I think it’s because the wood for factory fiddles, especially the fronts, is not good, low density, prime-choice wood and you have to strip the violin right down to its parts!
Makers can pay as much for the wood as some people might pay for a violin outfit. Try Lemuel Violins (formerly Luscombe Violins Inc) for wood: a family-owned retail business in Mt. Elgin, Ontario, Canada, or Touchstone Tonewoods in the UK.
Simeon Chambers (in Colorado, USA) has an excellent range of wood at reasonable prices and plate thickness maps for sale too. He suggests the light Englemann spruce for bellies, with a density (specific gravity) of 0.34 to 0.38 gm./cc., which is much less than than normal European spruce at 0.45, but European makers often prefer Bosnian Spruce. He also recommends, and many makers insist that the back plate maple has a density no more than 0.6 (gm.cc). 0.65 gm/cc. is normal. It needs to be light and strong!
Main violin body resonances.
To get a violin to sound good you need to get the 6 key body resonances below 600 Hz in the right place and these resonances need to be in ‘harmony’ with each other.
1) The air inside the instrument resonates through the f-holes, so it has to the right internal air volume and the f-holes need to be the right size or area. This gives strength to the G-string’s sound. (This is the Helmholtz resonance)
2) The air column along the length between the end blocks resonates rather like a church organ, so the body needs to be the right length,
3) the arching and channel around the violin needs to be the right shape, and
4) the tap tones or speed of sound along and across the top (belly) and back plates needs to be within tight limits. These give strength and quality to the A-string’s sound.
5) The plates need to be as light as you can make them for sound volume - but with tap tones not too low (see 4) above.
6) the bridge and sound-post must be fitted correctly so the violin talks, and so the higher frequencies, all of them, and there are lot above 600 Hz, can come out.
There is an awful lot to get right.
Theory: Dr. Nigel Harris and Patrick Kreit
I have concentrated on getting the tap tones of the plates where I want them, but tap-tones are just a part of the whole: the air volume, f-hole area, arching, body length, sound-post and bridge must all be right too.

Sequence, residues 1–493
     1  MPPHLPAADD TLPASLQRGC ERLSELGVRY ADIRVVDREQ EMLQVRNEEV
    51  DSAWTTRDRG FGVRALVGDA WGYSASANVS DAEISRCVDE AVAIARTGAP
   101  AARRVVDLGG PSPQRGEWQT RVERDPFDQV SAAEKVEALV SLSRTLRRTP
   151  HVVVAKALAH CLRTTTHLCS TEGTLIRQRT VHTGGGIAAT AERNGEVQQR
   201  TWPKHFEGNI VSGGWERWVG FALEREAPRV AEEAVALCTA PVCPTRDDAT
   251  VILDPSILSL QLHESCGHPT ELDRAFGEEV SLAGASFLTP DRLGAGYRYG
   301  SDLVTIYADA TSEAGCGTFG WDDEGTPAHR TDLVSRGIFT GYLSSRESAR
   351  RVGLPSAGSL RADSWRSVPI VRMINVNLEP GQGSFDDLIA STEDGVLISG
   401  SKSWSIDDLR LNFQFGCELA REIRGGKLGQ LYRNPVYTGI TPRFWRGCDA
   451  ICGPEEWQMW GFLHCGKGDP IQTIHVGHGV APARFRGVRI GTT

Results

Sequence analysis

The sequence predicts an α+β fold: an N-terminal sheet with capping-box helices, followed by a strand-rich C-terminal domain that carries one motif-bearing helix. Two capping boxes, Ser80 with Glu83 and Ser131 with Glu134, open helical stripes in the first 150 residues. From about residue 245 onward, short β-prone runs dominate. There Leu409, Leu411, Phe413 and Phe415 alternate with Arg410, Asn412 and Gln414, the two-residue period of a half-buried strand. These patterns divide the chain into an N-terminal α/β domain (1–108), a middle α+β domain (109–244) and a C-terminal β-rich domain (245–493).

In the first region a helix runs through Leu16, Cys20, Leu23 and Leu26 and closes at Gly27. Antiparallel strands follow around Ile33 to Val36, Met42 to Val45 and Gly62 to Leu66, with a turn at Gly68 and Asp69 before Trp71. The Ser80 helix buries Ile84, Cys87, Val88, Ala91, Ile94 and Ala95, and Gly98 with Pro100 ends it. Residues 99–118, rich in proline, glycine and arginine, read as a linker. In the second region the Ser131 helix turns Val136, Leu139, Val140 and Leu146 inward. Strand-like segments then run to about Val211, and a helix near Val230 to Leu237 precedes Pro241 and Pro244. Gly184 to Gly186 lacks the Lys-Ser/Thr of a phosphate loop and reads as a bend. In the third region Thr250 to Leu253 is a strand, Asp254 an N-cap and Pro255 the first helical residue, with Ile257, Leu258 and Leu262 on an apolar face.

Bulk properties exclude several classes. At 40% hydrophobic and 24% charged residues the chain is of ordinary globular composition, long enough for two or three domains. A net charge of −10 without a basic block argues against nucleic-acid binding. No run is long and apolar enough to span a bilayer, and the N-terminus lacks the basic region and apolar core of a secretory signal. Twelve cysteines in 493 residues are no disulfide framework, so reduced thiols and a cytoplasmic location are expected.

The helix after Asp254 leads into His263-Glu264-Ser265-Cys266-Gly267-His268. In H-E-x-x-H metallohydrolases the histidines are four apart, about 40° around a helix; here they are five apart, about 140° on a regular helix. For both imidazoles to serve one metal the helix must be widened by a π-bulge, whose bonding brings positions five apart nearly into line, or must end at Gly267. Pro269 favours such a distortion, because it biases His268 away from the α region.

About five years ago I came across an article by Dr. Nigel Harris (interviewed here!) that seemed to be the next step in the elusive connection between the tap tones of a violin’s plates, its playability (the violin’s is ease of bowing), and a real quality and depth of tone. In addition, as Dr. Harris puts it, it can make a given tone reproducible, violin to violin.
I did develop an elaborate theory over the last few years based on combining Dr. Harris’ and Carleen Hutchins work, but it dawned on me a few months ago that the significance of plate weight at the heart of Dr. Harris’ idea of plate stiffness figure mentioned above is easily tested. I just needed to make 4 similar (ideally identical) violins:-
1) with a heavy front and heavy back plate,
2) with a heavy front and light back,
3) with a light front and heavy back, and finally
4) with a light front and light back plates,
and then see what the differences are.
The criteria for the quality of the resulting violins would be based on
a) where the key 6 resonances below 600 Hz fall, and
b) what the 2 violins are like to play: their tone and response under the bow.
Fortunately, with practice, the key body resonances are quick and easy to measure, and if the weight of each plate really is a significant factor then the violin with heavy plates would probably turn out to have low key body resonances, in particular B1- and B1+.